Dawn McGill was too frightened Wednesday night to open the patio door of her ground-floor apartment, despite the repeated ringing of the doorbell and pounding on the locked screen door.
McGill, who lives at the Coddingtown Mall Apartments to the south of the northwest Santa Rosa shopping center, peeked through the peephole. She saw a man trying to open the locked screen door. It was about 9:15 p.m.
She asked who he was.
“He just kept saying, ‘Me,’” McGill said Thursday. When she suggested through the door the man was at the wrong address, “he started saying, ‘I’ve been shot! I’ve been shot.’”
Thursday, Santa Rosa police continued their investigation into the shooting near Coddingtown Mall that left a 31-year-old Cotati man hospitalized with multiple gunshot wounds.
Authorities said the victim’s injuries did not appear to be life-threatening, and his condition was upgraded Thursday from critical to fair. His name is not being released because of the ongoing investigation, police said.
Investigators believe the victim was specifically targeted, but the motive remains unclear, police Sgt. Tommy Isachsen said. While the shooter remains at large, police do not feel he or she represents a threat to the general public.
Isachsen said Thursday detectives were pursuing several leads but had not detained anyone.
Two police officers happened to be at the apartment complex on unrelated business when they heard multiple gunshots, police said.
They ran toward the sound and found the victim outside McGill’s apartment in the shelter of a second-floor balcony at one of several four-unit two-story apartment buildings, Isachsen said. It remained unknown Thursday exactly where the shooting occurred, he said.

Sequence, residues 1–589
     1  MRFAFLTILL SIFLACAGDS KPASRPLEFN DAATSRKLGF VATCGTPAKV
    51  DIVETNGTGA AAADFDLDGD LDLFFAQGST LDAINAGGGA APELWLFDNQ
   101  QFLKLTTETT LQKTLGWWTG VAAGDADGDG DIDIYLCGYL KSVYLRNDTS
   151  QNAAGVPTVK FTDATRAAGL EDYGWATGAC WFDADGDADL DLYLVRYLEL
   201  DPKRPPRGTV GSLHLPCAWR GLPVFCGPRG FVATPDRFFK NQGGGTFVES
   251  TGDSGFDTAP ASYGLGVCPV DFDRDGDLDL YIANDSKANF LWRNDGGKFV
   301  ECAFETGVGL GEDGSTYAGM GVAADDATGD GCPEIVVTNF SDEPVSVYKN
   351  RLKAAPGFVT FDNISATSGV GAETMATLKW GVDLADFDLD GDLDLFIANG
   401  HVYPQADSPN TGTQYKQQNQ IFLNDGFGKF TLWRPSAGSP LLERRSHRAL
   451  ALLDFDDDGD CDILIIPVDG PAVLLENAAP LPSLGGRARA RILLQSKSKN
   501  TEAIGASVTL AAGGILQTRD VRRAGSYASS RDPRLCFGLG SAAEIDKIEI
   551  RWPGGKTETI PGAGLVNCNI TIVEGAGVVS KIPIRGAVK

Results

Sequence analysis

McGill recalled Thursday how she and her mother had been watching TV in their apartment on Range Avenue when the drama began.
“He was just desperate for someone to help him, I guess,” she said.
But she was too afraid to open the door, especially after seeing something shiny through the peephole, even though it may have been just a liquor bottle. She and her mother dropped to the floor, and she told the man she would call 911. He responded, “Good.”
McGill hid under a recliner while she called 911 and stayed on the phone while awaiting help. Her mother ran into a bedroom to make sure they were both away from a window they feared the man might jump through.
“It was really scary,” McGill said. “I couldn’t believe he came to our house, of all places.”
Authorities arrived quickly, and she could hear them shouting orders. She saw about eight officers outside, some with rifles drawn. It took several requests before the victim raised his hands and gave his name, she said.
At least one officer kept asking the victim who shot him and told him not to protect whoever it was. “You could be dying,” she heard an officer say.
She could see the man had blood on one hand and arm, and heard him calling out in apparent anguish when paramedics were evaluating him. He also lost a significant amount of blood that firefighters later cleaned up from their patio, McGill said.
There was a report Wednesday night of at least one witness who reported seeing a gunman in a black hooded sweatshirt with white writing on the back, black pants and a black baseball cap who fled the area. Isachsen said he could not confirm any such person was involved in the crime.
Shelters for Pawnee fire evacuees
Lower Lake High School, 9430 Lake St., Lower Lake, is the official shelter established for people evacuating from the Pawnee fire. It is equipped to handle animals.
The Clearlake Oaks Moose Lodge, 15900 E. Highway 20, Clearlake Oaks, is not authorized by the Office of Emergency Services but is also sheltering fire evacuees, mostly people in campers and RVs who want their animals with them.
There is an authorized Lake County animal services station in an open field at Highway 53 and Anderson Ridge Road in Lower Lake.